Photography: Becky Luigart-Stayner
This holiday season, one of the most valuable gifts you’ll give your family won’t come wrapped in a box or have a card attached. Instead, it will happen around your dining table, where you’ll sit down to share a meal, conversation, and traditions with the people who matter most to you. And as special as family meals are throughout the holidays, they can also significantly enhance the life of your family every day.
“Families who eat together have healthier, more balanced diets,” says Dawn Jackson Blatner, RD, LDN, a spokesperson for the American Dietetic Association. “Making family mealtime a priority not only improves everyone’s physical health, but it also contributes to their overall well-being and mental health.”
Opportunity to eat better
“In years past, it may seem that families gathered around the table more often than they do today,” says Dianne Neumark-Sztainer, PhD, MPH, RD, professor of community nutrition intervention at the University of Minnesota. “But family meals are making a comeback.” A 2007 Columbia University survey of more than 1,500 teens and parents found that 59 percent of teens eat dinner with their families at least five times a week, an increase of 12 percent over the last decade. Adolescents eat 65 percent of their meals at home, according to a 2006 Journal of the American Dietetic Association study. And we’re cooking most of the meals we eat at home.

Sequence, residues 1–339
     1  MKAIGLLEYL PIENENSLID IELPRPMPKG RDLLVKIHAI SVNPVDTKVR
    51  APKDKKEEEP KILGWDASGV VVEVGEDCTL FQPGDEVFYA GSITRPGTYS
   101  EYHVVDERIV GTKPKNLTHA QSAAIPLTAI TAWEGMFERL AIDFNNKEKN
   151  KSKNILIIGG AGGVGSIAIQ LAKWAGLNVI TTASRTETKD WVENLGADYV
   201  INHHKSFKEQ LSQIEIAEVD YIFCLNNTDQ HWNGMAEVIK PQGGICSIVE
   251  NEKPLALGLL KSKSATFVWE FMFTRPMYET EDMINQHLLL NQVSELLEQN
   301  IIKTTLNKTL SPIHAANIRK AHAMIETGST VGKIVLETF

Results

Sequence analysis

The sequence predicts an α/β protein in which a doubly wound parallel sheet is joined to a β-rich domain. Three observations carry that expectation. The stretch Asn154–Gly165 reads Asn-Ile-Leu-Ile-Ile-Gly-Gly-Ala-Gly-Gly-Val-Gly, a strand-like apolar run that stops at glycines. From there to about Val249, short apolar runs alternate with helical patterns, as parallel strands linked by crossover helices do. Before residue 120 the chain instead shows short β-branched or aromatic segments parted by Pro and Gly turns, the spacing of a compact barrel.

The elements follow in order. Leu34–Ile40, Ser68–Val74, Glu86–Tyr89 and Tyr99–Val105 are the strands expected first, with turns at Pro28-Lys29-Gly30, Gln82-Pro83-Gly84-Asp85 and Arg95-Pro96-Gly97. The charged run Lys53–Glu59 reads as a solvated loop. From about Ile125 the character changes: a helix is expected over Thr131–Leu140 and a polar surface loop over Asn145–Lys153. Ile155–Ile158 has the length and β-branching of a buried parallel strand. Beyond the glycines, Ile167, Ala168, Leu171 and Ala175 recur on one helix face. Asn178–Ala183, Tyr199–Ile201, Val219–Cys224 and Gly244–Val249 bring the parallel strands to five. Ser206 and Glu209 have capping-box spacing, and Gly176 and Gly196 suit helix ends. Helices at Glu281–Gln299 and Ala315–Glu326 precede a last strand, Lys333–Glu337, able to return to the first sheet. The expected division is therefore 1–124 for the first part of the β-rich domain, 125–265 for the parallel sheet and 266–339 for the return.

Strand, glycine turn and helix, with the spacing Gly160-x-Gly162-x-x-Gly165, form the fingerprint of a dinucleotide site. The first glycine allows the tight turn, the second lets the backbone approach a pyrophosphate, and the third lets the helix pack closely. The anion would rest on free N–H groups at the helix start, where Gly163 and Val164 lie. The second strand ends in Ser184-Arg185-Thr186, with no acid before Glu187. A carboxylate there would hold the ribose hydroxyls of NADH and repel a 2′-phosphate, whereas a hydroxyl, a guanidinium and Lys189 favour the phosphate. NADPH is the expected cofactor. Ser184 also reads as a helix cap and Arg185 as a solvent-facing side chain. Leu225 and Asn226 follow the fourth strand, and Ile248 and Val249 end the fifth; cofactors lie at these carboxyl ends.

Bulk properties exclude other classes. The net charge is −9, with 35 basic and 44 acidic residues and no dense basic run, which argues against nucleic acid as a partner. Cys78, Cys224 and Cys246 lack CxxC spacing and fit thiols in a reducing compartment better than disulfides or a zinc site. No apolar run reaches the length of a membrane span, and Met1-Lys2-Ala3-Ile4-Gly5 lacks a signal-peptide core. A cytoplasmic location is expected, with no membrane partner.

A 2006 Harris Interactive Poll of 3,152 adults found that 93 percent of family meals are still cooked at home. More meals prepared and eaten together means better nutrition, more control over what’s eaten, and less weight gain for the whole family. A 2000 Harvard Medical School study of more than 16,000 boys and girls aged nine to 14 reveals adolescents who shared frequent meals with their families ate more fruits and vegetables and less fried food, saturated fat, and trans fat. They also consumed more calcium, iron, folate, fiber, and vitamins C, E, B6, and B12.
What’s more, researchers speculate that families who eat together often are more likely to talk about nutrition at the dinner table than families who select individual meals from the kitchen, then go their separate ways. These valuable lessons carry over into adulthood. When ¬researchers from the University of Minnesota tracked the eating habits of 1,700 adolescents into their early adult years, they found those who dined often with their families ate more produce, routinely ate breakfast, and drank less soda as young adults.